How to Deal With Everyday Stress as an ISFJ
So many of us are searching for the organization holy grail- one perfect system that can grow forever with our life. But it’s a pipe dream. Life is a moving, growing, changing experience by definition, and so is organization.
How you manage these stressful changing times is based on your personality. Here we will take a look at how ISFJs can best deal with everyday organizational stresses.
All About the ISFJ
If you weren’t aware of this already, the Myers-Briggs system was integral in our creation of the four pixie types. There are 16 different Myers-Briggs personality types, all identified by different letter combinations. These letters are: E/I, S/N, T/F, and J/P. They stand for Extraversion versus Introversion, Sensing versus Intuition, Thinking versus Feeling, and Judging versus Perceiving. ISFJ stands for Introversion, Sensing, Feeling and Judging. Traits of the ISFJ personality type are:
Even though ISFJs (Pixie Type: Classic Freedoms) are sensitive, you have excellent analytical abilities. You are reserved while still maintaining well-developed people skills and an active social life. ISFJs are open to new ideas, flexible and receptive to change. You are often meticulous and borderline perfectionists. And though you guys tend to procrastinate, you know you still always get the job done on time as you take responsibilities personally and often go above and beyond. You are people pleasers who do everything to exceed expectations and light up the lives of the people in your life.
You are a master organizer, but when times get tough it can fall to the wayside which can make everything seem worse. Here’s how an ISFJ can deal with everyday stress like a pro!
First comes the baby then comes the carriage…then the blankets, clothes, toys, stuffed animals; then it just multiplies from there. Children might be one of the hardest things to deal with organizationally because their needs are constantly growing and changing. But ISFJs set up a ton of great systems for their kids. Just know that you’ll have more stuff than you prefer as long as you have kids living with you. Remember to plan for not only right now, but the not-so-distant future- the grand scheme.
We’re sure many people have dealt with financial hardships over the last decade. When it happens, you feel out of control, zapped of energy and the ability to keep and stay organized. Keeping your kitchen organized might be the last thing you want to do, let alone the home office and all the bills piling up. But unlike uncertain financial times, your home, if you’re not in danger of losing it, is a place that you can control and keep as tidy as possible. So, take charge of your life ISFJ! Purge, and organize things even if it means jerry-rigging until you can make organizational purchases. Dude, sell things and make some money!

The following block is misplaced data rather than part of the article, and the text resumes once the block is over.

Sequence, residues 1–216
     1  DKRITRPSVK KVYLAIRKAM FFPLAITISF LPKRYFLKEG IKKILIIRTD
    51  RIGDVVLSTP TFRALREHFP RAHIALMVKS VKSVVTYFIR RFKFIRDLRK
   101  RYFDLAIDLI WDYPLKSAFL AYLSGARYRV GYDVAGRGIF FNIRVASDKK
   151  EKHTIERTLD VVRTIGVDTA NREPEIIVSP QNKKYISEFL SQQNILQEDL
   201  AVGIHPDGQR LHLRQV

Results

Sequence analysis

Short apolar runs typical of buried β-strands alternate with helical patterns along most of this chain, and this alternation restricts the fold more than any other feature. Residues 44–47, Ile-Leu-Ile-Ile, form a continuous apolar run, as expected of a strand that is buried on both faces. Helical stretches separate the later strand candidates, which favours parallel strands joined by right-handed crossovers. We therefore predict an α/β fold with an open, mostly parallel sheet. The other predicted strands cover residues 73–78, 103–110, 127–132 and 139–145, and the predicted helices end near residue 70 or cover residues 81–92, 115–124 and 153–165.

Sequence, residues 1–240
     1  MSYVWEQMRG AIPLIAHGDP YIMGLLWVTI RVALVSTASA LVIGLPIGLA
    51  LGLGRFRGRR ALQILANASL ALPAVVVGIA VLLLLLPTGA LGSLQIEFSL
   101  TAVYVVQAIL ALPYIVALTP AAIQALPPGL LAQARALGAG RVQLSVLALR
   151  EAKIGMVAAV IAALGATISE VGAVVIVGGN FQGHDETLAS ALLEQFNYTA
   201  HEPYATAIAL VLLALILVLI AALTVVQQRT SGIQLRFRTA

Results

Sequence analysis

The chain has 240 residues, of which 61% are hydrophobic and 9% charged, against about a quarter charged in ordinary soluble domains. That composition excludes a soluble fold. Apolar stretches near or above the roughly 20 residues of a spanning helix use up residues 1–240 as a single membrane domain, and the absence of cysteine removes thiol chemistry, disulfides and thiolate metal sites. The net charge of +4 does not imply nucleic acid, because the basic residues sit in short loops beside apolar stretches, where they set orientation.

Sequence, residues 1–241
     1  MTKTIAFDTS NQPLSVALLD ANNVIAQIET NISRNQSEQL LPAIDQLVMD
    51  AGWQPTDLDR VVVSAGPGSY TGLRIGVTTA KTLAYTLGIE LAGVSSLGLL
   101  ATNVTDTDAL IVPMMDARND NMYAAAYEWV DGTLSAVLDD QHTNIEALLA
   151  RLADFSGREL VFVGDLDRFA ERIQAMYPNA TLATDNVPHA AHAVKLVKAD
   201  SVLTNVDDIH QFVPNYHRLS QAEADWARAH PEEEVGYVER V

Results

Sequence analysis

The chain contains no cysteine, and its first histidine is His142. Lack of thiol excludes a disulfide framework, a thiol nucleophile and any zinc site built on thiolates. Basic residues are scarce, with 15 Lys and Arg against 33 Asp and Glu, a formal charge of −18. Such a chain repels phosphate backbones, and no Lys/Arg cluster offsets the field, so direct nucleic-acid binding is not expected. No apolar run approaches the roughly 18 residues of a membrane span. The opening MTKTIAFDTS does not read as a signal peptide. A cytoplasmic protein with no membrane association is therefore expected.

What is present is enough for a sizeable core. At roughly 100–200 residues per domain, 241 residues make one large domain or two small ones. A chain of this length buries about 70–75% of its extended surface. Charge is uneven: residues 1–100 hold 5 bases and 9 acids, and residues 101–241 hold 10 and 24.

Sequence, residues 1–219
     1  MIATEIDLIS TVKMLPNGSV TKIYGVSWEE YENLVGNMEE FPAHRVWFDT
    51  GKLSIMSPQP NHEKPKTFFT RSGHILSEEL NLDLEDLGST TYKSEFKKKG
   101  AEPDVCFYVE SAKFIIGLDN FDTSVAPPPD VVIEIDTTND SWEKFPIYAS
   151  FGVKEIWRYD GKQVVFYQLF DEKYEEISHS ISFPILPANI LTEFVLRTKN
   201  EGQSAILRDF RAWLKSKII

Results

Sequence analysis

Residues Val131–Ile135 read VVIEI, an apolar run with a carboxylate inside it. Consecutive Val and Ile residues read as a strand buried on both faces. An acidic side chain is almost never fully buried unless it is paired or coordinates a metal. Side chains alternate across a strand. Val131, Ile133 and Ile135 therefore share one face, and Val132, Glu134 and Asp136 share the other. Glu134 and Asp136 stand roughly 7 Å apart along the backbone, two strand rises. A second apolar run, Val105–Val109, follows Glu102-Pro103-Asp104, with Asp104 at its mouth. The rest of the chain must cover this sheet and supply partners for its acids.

When you’re sick, whether it’s a physical or mental impediment, it makes it that much harder to stay organized even if you’re already organized in the first place. In addition, medical stuff comes with loads of paperwork that can wreak havoc on your normal paperwork system. Dealing with annoying insurers is tough, with no ability to find the physical energy required to keep your organizational systems in working order. We get it! This situation is challenging for anybody so try to let go of some of the less-important organizing details and routines. Ask for help, and accept that nobody is going to do it as well as you do.
A remodel is essentially three moves in one. You have to create temporary organizational systems for goodness knows how long, as contractors tend to have personality types that don’t accurately predict how long projects will take. Then, once it’s done, you have to redo your organizational systems again. So take a deep breath ISFJ and you will get through it. Create temporary systems that keep things hidden- the mess of a remodel will already be visually overwhelming- then try your best to pretend that you’re an alien species and living in sawdust and disorder doesn’t bother you. It’ll be over soon.
The one thing you don’t want to do in these situations is to give up on maintenance. For an ISFJ, taking control of your surroundings is like therapy. It feels good and it’s why you’re so good at it in the first place! But when you’re beyond overwhelmed, take a mental health day or two before getting back to it- or hire someone to help you. Organizational therapy isn’t as much about doing the straightening and organizing as it is enjoying it. Remember that your strengths are organizing, finishing things, being on time, attending to details, and planning ahead. You’re not OCD: you keep the trains running on time! Use your powers to their fullest and remember to schedule some R&R throughout your week. Rome wasn’t built in a day.